"They want good quality coffee that really tastes like coffee instead of sugar and milk," Raleigh says.

Caffeina Roasting Co., opened earlier this month. Co-owner Lyndsey Hopkins hopes to create a full-on coffee business that includes on-site roasting. Rhonda Prast

The real house roast

Further west on State at the Collister intersection, Lyndsey Hopkins, her mom Tammy Jenkins and former Crooked Fence Brewing owner Kris Price, just opened Caffeina Roasting Co. It's a place where artisan coffee and craft brewing sensibilities meet — the house specialty is a porter enhanced by a shot of espresso.

Hopkins grew up in Western Washington. She moved to Boise 12 years ago and started working for Dawson Taylor, where she began to learn about roasting. In 2012 she and her mom opened their first Coffee Studio in Meridian, and a second near Boise Towne Square a few years later.

“I’ve always been focused on opening a roastery,” Jenkins, 30, says. “I’ve wanted to do this forever.”

She started learning about roasting at Dawson Taylor, then from a high school friend in Oregon who has been roasting her IdaHome blend up until now. She will start experimenting with roasting her own blends starting this month. Just ask her about the beans she uses and you're in for an in-depth conversation.

"I'm a total coffee nerd," she says. "I wish I could geek out on it all day long, but I have a business to run."

Caffeina (pronounced kaff-ee-na) is a chic reinvention of the corner space in the strip mall. Customers gather around the sleek center bar, or in comfy chairs and couches, to sip a mix of coffee beverages, beer, wine and house brewed kombucha.

This is where she wants to build her coffee empire, she says. Last year she bought Premiere Beverage Services, a company that services and repairs espresso and other coffee-making machines and outfits custom coffee carts. Premiere occupies the space next door to Caffeina. She created an on-site roasting area in the back of the cafe that goes live this week. And Hopkins plans to build a bakery on site that will serve all three of her shops.

“We always thought we'd do that in the future, but the future is here. We see Boise is trending, and it's just going to get more intense,” Jenkins says. “I started working on this concept about 2 years ago, and the timing just clicked now."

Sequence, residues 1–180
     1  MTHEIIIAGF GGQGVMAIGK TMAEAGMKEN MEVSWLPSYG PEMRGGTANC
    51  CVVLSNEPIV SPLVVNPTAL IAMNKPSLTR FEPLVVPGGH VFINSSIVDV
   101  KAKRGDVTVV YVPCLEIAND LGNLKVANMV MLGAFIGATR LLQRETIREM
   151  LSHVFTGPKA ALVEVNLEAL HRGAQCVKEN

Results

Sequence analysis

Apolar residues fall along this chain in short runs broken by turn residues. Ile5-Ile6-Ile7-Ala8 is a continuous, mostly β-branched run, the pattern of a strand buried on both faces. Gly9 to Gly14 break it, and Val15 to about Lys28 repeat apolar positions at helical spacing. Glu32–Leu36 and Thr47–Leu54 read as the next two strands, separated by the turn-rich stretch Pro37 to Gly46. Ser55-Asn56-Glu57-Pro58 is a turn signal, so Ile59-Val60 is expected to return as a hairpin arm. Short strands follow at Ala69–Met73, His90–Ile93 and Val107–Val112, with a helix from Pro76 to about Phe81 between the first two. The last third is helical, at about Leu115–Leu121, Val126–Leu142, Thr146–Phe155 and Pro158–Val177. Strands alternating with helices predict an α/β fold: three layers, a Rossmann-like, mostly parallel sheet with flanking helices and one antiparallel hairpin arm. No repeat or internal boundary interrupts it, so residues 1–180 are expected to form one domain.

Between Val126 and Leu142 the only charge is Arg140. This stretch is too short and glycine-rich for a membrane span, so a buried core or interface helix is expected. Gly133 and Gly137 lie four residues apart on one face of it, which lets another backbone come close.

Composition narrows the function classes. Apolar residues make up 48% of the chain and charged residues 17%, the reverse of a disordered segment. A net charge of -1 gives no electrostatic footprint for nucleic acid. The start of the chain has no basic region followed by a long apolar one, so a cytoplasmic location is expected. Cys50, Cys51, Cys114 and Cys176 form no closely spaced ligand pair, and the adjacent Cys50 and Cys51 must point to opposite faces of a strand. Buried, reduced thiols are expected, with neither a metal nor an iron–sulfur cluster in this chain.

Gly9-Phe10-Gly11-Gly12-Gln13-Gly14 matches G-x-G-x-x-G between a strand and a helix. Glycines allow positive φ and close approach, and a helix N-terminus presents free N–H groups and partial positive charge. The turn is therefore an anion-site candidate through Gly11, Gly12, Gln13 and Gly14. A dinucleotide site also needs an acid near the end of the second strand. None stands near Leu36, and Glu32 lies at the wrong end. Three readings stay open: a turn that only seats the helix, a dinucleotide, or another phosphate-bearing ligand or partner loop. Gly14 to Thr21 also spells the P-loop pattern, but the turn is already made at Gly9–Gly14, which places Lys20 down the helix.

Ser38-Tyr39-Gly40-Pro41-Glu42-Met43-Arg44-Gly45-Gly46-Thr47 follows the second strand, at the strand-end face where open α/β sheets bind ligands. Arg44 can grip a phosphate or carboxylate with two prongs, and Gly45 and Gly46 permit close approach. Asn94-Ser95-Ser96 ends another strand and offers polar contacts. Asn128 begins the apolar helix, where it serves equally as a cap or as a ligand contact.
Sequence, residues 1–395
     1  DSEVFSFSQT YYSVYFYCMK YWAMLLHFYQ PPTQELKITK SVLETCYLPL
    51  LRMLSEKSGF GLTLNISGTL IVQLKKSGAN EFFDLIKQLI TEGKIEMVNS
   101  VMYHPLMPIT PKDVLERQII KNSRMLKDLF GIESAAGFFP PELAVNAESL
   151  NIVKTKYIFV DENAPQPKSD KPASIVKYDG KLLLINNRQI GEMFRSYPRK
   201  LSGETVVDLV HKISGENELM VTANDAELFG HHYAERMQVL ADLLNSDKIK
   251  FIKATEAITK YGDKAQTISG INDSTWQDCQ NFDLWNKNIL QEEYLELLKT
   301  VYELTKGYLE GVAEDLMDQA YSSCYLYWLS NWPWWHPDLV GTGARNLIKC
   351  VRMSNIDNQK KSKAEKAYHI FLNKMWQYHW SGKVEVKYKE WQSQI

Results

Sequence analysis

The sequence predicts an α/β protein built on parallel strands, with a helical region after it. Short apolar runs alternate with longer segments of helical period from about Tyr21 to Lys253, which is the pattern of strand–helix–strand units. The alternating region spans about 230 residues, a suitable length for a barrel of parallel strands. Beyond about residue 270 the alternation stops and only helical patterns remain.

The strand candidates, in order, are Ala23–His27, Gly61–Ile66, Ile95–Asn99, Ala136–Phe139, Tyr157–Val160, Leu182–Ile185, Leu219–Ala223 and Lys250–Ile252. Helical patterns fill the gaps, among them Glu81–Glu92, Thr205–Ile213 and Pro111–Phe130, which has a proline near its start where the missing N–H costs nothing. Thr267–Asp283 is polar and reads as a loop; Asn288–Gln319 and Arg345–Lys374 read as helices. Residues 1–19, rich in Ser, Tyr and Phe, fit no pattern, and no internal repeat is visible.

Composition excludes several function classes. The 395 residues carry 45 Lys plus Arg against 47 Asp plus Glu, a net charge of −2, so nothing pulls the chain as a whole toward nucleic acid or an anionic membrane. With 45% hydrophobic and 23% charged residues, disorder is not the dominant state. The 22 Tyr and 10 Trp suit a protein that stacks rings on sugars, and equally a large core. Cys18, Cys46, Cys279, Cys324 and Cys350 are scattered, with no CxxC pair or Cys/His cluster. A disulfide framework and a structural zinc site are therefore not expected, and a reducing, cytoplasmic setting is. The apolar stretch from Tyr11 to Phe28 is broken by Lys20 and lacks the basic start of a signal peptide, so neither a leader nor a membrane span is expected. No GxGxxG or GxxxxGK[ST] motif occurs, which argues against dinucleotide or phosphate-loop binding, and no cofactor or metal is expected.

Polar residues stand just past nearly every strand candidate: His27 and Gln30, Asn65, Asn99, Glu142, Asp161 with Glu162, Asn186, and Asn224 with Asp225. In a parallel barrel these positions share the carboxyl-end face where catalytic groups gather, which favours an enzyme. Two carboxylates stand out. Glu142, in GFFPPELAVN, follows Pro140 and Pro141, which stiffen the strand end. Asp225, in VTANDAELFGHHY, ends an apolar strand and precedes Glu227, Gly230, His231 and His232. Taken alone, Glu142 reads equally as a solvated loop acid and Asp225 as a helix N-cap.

Caffenia beer pour.jpg
Caffenia Roasting Co. combines craft coffee and beer. Its signature beverage is Brew on Brew, a snifter of Crooked Fence porter or stout, topped off with an espresso shot ($7). Jasmin Reyna Provided by Caffeina

Jenkins brought Price in as a partner to use his experience in craft brewing to grow her coffee business. "We just want to explore the industry to see what we can do," Jenkins says. "That's where Kris comes in. He’s played with different beer brewing methods and distribution. I’m excited to get his brain into the coffee world."

With all the quick growth of her business, she says, it's important to remember who they are.

"We talk about this a lot," she says. "We're not a restaurant, we're not a bar. We’re keeping the values of a coffee shop but just adding beer and wine to extend the time people spend with us."

Neckar jumps from cart to storefront

Neckar Coffee's Grant Shealy will add to the scene when he makes the jump from coffee cart to storefront in Downtown Boise in June.

Shealy, 29, whose aesthetic has fueled his Neckar Coffee since 2013, is one of the early adopters of this trend.

He roasts his own single origin beans in a small roaster his parent's garage in the Boise Highlands — about 30 pounds a week right now — and experiments to perfect the signature pour overs that he serves from his cart at the Boise Farmer's Market and events such as Treefort Music Fest. He also sells his beans on the cart and at

“We’re constantly refining your process," Shealy says. "Pour over is the perfect way to make coffee to order. It’s better because it’s fresh, it reduces waste and it looks really cool.”

It also takes time — usually about 3 minutes for Shealy — depending on the grind, amount, water temperature and filter. As the customer waits, it offers an opportunity for conversation and connection.

“It reinforces the fact that we are serving you,” Shealy says. “It brings the customer closer. They're just an arm's length away. I’m bummed when I get something really fast. I want a chance to talk with the people who are making the product."

Shealy will move his roaster into the new space and expand his repertoire with espresso drinks, cold brew on draft and a simple menu that is still in the works, he says.

Even though his business is growing, he wants to keep his operation small so he can stay in control of quality. A Boise native with a degree in psychology from University of Colorado, he never thought he would end up making coffee for a living.

"When I graduated I wasn't sure what to do but I was pragmatic about it. It doesn’t doesn’t make sense to do something I don’t care about. It just happened to be coffee,” Shealy says. "I’ve been fortunate. Not everyone can choose what they can do for a living. People respect that not many things would afford me this feeling of passion."

Where to find your grind

Push & Pour, 214 E. 34th St., Garden City, 208-488-4747

Open 7 a.m. to 6 p.m. daily.

Check them out on

Caffeina Roasting Company, 4774 W. State St., Boise, 208-807-2332

Open 7 a.m. to 9 p.m. daily and

Cafe Neon, 3777 W. Chinden Blvd., inside North End Organic Nursery, Garden City

Open 9 a.m. to 6 p.m. Mondays to Saturdays, 10 a.m. to 5 p.m. Sundays

Check them out on

Neckar Coffee, 117 S. 10th St., Boise

Opening in June

Form & Function, 511 W. Broad St., Boise, 208-488-4747

Open 7 a.m. to 6 p.m. daily

Slow by Slow, 403 S. 8th St., Boise,

Open 7 a.m. to 5 p.m. daily